‘I’m very aware of my body changing in lockdown’
Despite the lockdown, you're probably still seeing photos of perfect manicures, fillers and toned-abs on social media.
The reality for most of us is there's no access to the gyms and beauty treatments we might usually rely on.
And this can leave people with a totally different image of themselves.
Katy, 23, tells Radio 1 Newsbeat that it's taken time to get used to being without the fillers, nails and lash extensions she usually has.
She says lockdown has made her think about why she gets some treatments done in the first place.
"Over this time period, you've got a lot of time to yourself, it makes you think," Katy says.
"Why am I actually doing this - is it for me? Is it because I feel like I have to look good to other people? What is it I am actually doing it for?"
'No choice but get used to it'
Katy was due for a top-up of her fillers in March, but her beauty technician in Tamworth stopped working in March because of coronavirus.
Without the top-up, some parts of the filler break down, which can create an uneven look.
"I'm sort-of looking at myself thinking 'I can't wait to get this done when lockdown is all over'," she says.
As well the as fillers, Katy gets nails and eyelash extensions. Usually, she says, she'd "never be caught dead without acrylics" - which make her feel "more feminine and dainty".
The first thing to go was her lashes, which she had done consistently for more than eight months.
"Without them I just felt so ugly," she says. "It's almost like training yourself to get used to what you actually look like."
But it's also given Katy time to reflect.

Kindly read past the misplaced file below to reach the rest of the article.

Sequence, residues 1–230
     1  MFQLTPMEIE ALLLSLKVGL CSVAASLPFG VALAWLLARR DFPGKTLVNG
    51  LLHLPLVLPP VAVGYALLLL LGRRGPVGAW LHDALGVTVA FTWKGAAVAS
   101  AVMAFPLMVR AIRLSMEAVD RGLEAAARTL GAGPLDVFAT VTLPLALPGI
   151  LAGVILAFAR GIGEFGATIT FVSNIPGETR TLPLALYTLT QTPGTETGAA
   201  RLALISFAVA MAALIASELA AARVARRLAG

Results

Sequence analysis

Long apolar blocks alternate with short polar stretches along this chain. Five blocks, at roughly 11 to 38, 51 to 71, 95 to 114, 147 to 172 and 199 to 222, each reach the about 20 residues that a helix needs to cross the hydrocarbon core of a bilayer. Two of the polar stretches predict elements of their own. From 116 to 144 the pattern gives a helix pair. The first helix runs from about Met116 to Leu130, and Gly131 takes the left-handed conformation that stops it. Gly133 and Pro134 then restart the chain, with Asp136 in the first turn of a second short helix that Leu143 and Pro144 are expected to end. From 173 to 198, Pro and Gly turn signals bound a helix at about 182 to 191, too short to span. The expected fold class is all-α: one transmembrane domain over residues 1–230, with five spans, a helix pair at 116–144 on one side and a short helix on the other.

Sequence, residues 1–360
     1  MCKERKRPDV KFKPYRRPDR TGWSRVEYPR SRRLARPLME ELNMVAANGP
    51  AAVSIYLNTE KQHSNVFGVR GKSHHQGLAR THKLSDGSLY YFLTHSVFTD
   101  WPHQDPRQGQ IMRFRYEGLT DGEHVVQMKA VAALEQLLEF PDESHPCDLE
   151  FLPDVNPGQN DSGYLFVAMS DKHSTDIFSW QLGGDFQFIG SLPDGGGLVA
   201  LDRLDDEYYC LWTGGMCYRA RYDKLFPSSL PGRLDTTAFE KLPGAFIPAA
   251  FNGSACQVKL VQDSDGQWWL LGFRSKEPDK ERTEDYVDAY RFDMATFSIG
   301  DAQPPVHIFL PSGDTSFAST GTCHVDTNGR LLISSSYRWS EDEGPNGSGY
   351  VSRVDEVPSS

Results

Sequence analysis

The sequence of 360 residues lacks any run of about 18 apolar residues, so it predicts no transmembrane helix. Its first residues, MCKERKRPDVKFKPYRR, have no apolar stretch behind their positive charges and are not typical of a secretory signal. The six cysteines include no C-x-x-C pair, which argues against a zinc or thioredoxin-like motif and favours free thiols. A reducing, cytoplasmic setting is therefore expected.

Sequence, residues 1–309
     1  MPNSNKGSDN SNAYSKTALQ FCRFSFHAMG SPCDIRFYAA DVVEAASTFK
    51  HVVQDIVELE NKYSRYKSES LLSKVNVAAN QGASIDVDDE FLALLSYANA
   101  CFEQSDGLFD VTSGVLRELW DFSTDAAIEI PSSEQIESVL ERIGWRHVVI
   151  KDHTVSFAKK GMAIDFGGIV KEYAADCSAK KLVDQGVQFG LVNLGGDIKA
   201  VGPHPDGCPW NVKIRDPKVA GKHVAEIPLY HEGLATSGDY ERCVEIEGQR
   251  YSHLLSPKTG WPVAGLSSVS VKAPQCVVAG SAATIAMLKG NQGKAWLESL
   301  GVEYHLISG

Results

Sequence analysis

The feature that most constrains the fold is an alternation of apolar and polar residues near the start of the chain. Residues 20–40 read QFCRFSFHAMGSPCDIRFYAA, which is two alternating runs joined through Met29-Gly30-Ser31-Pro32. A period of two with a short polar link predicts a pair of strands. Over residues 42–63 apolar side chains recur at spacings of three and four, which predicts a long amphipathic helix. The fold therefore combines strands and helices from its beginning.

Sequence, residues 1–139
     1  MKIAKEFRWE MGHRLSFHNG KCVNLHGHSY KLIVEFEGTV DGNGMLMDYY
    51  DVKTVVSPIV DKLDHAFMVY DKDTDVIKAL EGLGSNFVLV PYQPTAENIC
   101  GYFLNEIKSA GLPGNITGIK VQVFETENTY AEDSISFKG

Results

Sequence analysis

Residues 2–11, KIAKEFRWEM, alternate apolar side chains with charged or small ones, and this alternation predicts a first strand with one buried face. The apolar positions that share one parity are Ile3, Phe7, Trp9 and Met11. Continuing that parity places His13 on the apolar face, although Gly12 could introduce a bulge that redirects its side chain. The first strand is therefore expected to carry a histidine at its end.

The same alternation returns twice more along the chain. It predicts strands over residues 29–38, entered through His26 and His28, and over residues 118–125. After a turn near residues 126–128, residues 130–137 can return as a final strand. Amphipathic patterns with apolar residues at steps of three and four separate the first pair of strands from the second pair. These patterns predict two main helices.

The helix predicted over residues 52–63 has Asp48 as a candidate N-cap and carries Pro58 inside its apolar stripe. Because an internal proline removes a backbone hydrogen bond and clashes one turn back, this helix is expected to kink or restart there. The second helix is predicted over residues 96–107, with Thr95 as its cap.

"It's sort of helping me realise that I don't actually need them as much as I think."
To take her mind off the treatments she was missing, Katy stopped following Instagram pages showing fillers or beauty treatments and started following pages about self-love and self-reflection.
Looking at old photos of herself has also helped.
"I didn't have all of the stuff then and nobody thought of me any different," she says.
"I've had no choice but to get used to it but I'll definitely be first in line at the nail salon."
The gym is my 'therapy'
Ursula, 26, has also had to deal with a major change to her routine. Before lockdown, she was at the gym five days a week.
"Not having the option to do what I usually use as therapy is really tough," she tells Newsbeat.
She can't keep to her usual exercise because she is staying in a small house with family.
Ursula's passion is fitness. She's competed as a body-builder and is now studying to be a personal trainer.
Before the lockdown she got to a point where she felt content, healthy and "light on my feet".
Not being able to go to the gym has affected Ursula's mental health a lot. She has struggled with feeling "really stuck and caged".
She's been using yoga and meditation to stay calm.
"I would love to say I'm still content but I'm a bit heavier than I want to be.
"But I also feel very lucky for this time, before this all started I was at a point where I was feeling very burned out."
Fortunately, Ursula's able to spend lockdown completing her personal trainer course.
'I've learned to love myself beyond measure'
Jo says she's been spending her time in isolation practising self-care.
Going without her fillers, lashes and hair appointments has been "mildly frustrating" but she's "hyper-aware" of the situation.
"I've learned to love myself beyond measure, it doesn't bother me if I haven't got the extras I can cope without," she says.
Managing poor mental health in the past has helped Jo build resilience, so the lockdown hasn't affected her too much.
"I'm able to use all that experience to get into such a great place I am now."
Jo says she likes getting fillers as a way to change her looks without having to commit to surgical procedures.
"I love the fact I still have the opportunity to change."
'Don't judge how you're feeling as wrong'
Psychotherapist Danielle Sandler explains that the lockdown can bring a lot of conflict in people's self-image.
She says lockdown has "stripped back people to their bare essence" and "removed their masks".
Danielle's advice for dealing with body image issues is "not to judge how're feeling as wrong or unacceptable".
"Whatever you're feeling is OK and be careful not to minimise it."